The four types of IT projects are:
Software Development Projects:
These projects involve the creation, modification, or enhancement of software applications. Examples include developing a new mobile app, upgrading an existing software system, or customizing an off-the-shelf software to meet specific requirements.
Infrastructure projects focus on designing, implementing, and managing the underlying technology infrastructure of an organization. This can include building or upgrading networks, data centers, servers, storage systems, and other hardware components that support the organization’s IT operations.
Data Management Projects:
These projects are centered around managing and optimizing data within an organization. They involve activities such as implementing data warehouses, data integration solutions, data migration projects, or data governance initiatives to ensure data quality, security, and accessibility.
System Implementation Projects:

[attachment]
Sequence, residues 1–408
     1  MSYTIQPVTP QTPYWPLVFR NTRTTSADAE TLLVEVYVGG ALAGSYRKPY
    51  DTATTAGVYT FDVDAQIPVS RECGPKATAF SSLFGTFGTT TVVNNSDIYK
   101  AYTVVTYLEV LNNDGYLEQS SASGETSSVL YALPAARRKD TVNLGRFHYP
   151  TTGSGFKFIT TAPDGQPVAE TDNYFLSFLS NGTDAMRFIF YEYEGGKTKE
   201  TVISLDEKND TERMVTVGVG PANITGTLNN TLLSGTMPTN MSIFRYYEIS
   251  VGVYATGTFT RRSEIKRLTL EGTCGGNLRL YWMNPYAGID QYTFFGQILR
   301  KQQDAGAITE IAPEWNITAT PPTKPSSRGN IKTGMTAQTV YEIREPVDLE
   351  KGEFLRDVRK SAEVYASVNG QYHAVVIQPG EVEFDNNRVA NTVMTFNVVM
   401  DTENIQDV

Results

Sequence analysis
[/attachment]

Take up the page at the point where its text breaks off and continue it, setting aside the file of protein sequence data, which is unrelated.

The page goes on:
System implementation projects involve the deployment and integration of new IT systems or enterprise software solutions across an organization. Examples include implementing an enterprise resource planning (ERP) system, customer relationship management (CRM) system, or a new financial management system.
It’s important to note that these categories can overlap, and many IT projects may involve aspects from multiple types. For example, a project could involve both software development and infrastructure changes. The categorization provides a general framework to understand the primary focus of the project and the domain it falls under within the IT landscape.